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We have converted an SVN repository into Git. In SVN people mostly synced bugfixes from our stable branch "release-2013" to the development branch (and vice versa) manually by file copy or Winmerge so no svn merge info existed and in Git the changes are unrelated. I'd like somehow to state "all changes in current head of release-2013 are already in master". Then I hope I can merge future bugfixes from release-2013 into master using normal git merge. Is this possible somehow?

Searching previous discussions gave me only graft points as something coming close to this, but I'm unsure if and how I can use them to accomplish my goal.

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Might thomasrast.ch/git/git-svn-conversion.html under title "grafting merges" be the solution to my problem? –  fschmitt Feb 5 '14 at 22:17

2 Answers 2

up vote 1 down vote accepted

Translating your "all changes in current head of release-2013 are already in master" wish into git syntax:

$ git checkout master
$ git merge -s ours release-2013

Making sure the differences between release-2013 and master are actually what you think they are (with git diff) might be advisable.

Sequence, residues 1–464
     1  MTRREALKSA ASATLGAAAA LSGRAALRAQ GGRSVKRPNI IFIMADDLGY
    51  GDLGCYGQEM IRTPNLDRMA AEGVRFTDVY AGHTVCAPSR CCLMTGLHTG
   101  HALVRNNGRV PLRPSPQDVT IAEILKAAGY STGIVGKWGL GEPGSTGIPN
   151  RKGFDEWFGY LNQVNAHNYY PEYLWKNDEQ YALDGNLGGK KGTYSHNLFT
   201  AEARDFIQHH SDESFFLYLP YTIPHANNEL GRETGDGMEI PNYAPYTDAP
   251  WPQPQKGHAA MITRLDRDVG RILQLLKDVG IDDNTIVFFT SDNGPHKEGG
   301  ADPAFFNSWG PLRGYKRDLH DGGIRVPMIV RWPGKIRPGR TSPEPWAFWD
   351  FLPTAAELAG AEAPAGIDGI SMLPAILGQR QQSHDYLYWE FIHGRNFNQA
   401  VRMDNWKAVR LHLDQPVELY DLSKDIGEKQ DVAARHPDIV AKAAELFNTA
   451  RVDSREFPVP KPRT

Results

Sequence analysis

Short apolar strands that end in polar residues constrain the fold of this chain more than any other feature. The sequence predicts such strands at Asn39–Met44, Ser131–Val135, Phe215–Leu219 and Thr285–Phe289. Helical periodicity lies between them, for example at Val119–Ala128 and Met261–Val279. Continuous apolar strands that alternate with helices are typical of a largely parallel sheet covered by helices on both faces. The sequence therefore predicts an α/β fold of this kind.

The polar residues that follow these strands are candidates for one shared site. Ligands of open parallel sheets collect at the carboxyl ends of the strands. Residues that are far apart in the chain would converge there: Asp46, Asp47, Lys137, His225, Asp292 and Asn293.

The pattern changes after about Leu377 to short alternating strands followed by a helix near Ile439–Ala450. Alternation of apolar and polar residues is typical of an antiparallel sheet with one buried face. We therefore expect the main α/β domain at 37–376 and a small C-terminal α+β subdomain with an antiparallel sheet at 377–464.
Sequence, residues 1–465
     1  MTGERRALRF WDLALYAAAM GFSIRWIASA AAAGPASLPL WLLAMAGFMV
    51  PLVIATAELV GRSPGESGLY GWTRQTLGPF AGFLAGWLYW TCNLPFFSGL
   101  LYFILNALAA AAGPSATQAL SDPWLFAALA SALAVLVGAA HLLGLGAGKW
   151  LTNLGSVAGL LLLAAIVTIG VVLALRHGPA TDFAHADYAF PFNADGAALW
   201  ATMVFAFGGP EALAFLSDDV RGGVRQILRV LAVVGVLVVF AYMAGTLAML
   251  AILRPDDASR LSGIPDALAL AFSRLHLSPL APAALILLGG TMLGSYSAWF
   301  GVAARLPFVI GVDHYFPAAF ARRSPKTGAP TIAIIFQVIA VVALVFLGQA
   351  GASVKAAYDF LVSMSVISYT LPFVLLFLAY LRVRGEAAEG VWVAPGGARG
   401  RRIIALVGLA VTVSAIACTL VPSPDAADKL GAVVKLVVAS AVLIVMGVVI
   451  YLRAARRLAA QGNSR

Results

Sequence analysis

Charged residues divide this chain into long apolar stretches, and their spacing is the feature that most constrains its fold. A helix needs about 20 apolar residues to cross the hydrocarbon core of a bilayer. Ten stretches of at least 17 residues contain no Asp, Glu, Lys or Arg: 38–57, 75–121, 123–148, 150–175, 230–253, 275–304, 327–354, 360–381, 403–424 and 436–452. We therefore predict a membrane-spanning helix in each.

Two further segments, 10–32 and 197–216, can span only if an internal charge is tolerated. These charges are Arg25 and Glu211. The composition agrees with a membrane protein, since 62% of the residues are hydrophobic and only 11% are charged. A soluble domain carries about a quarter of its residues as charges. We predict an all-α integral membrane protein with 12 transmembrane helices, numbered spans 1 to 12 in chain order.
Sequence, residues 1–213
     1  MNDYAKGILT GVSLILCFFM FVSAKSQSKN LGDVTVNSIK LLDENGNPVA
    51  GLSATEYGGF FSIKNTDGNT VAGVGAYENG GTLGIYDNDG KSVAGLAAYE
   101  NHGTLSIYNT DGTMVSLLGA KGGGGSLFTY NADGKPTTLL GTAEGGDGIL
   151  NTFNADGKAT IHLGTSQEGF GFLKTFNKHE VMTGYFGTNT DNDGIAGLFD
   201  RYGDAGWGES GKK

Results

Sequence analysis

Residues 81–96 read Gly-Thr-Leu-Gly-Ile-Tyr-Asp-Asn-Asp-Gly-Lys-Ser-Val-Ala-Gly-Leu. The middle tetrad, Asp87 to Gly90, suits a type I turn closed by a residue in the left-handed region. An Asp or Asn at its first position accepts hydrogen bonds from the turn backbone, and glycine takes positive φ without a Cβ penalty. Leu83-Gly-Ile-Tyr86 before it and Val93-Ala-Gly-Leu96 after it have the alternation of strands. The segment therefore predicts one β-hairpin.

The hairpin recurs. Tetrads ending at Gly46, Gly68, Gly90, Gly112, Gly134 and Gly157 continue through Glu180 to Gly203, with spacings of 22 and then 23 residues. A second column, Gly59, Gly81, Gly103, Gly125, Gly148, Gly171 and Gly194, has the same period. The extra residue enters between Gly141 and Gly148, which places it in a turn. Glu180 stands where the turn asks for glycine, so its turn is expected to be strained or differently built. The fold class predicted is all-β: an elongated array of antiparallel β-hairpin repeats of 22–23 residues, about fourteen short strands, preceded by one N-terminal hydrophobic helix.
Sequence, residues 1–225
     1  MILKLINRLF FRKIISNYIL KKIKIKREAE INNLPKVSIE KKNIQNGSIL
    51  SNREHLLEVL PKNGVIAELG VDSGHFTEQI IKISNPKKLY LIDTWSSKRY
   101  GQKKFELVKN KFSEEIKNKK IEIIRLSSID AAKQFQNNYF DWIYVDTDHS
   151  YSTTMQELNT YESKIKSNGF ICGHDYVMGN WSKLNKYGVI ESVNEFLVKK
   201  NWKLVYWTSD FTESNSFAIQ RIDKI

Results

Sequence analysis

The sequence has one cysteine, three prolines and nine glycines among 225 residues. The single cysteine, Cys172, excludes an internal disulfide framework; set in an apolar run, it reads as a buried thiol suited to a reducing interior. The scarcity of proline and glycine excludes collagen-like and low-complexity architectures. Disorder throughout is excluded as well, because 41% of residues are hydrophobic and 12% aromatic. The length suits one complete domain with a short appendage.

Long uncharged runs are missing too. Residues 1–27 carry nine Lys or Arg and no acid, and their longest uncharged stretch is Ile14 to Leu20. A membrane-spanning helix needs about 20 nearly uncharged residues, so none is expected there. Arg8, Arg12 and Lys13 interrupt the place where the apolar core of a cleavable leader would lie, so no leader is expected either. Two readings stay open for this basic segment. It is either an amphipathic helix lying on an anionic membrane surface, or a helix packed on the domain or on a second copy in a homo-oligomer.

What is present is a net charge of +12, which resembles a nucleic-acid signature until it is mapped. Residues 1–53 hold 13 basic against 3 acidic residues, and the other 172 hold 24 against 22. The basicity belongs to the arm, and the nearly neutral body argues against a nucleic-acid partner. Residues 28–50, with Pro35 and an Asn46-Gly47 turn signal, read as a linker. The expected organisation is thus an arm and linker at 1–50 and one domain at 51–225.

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What I now did was the following:

  • checkout master
  • merge release-2013 (yes, this will give hundreds of conflicts)
  • git status > status.txt
  • for all lines in status.txt marked as deleted in ours do
    git rm <file>
  • for all other files do
    git reset HEAD <file>
    git checkout --ours -- <file>
  • Commit and push

Since then, I can merge new bug fixes done in the release-2013 branch back to master by simply merging release-2013 into master

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1  
How is that different from git merge -s ours? –  ndim Feb 6 '14 at 18:13
    
It is more complicated and has more chance for errors. Joke aside, git merge -s ours is much easier and better. Can you make it an answer so I can accept it? –  fschmitt Feb 6 '14 at 22:26

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